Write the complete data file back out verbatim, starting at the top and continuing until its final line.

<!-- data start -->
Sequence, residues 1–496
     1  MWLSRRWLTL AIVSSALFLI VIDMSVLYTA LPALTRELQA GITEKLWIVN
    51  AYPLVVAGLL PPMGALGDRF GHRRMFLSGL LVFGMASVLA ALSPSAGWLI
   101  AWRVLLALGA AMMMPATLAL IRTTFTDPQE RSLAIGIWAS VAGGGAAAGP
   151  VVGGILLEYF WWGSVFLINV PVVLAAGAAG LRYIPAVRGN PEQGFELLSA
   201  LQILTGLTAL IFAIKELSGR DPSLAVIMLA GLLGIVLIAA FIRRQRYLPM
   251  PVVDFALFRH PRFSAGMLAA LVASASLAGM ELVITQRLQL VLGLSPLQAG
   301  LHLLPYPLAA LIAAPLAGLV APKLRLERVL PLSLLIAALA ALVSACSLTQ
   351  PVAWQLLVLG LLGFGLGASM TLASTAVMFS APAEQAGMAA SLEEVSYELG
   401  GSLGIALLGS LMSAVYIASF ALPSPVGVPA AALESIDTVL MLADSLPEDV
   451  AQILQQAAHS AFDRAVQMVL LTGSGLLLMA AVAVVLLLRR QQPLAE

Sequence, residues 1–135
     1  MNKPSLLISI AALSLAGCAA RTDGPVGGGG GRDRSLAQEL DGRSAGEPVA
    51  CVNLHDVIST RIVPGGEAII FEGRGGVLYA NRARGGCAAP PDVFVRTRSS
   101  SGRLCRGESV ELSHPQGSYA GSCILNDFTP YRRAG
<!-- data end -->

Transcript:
Sequence, residues 1–496
     1  MWLSRRWLTL AIVSSALFLI VIDMSVLYTA LPALTRELQA GITEKLWIVN
    51  AYPLVVAGLL PPMGALGDRF GHRRMFLSGL LVFGMASVLA ALSPSAGWLI
   101  AWRVLLALGA AMMMPATLAL IRTTFTDPQE RSLAIGIWAS VAGGGAAAGP
   151  VVGGILLEYF WWGSVFLINV PVVLAAGAAG LRYIPAVRGN PEQGFELLSA
   201  LQILTGLTAL IFAIKELSGR DPSLAVIMLA GLLGIVLIAA FIRRQRYLPM
   251  PVVDFALFRH PRFSAGMLAA LVASASLAGM ELVITQRLQL VLGLSPLQAG
   301  LHLLPYPLAA LIAAPLAGLV APKLRLERVL PLSLLIAALA ALVSACSLTQ
   351  PVAWQLLVLG LLGFGLGASM TLASTAVMFS APAEQAGMAA SLEEVSYELG
   401  GSLGIALLGS LMSAVYIASF ALPSPVGVPA AALESIDTVL MLADSLPEDV
   451  AQILQQAAHS AFDRAVQMVL LTGSGLLLMA AVAVVLLLRR QQPLAE

Sequence, residues 1–135
     1  MNKPSLLISI AALSLAGCAA RTDGPVGGGG GRDRSLAQEL DGRSAGEPVA
    51  CVNLHDVIST RIVPGGEAII FEGRGGVLYA NRARGGCAAP PDVFVRTRSS
   101  SGRLCRGESV ELSHPQGSYA GSCILNDFTP YRRAG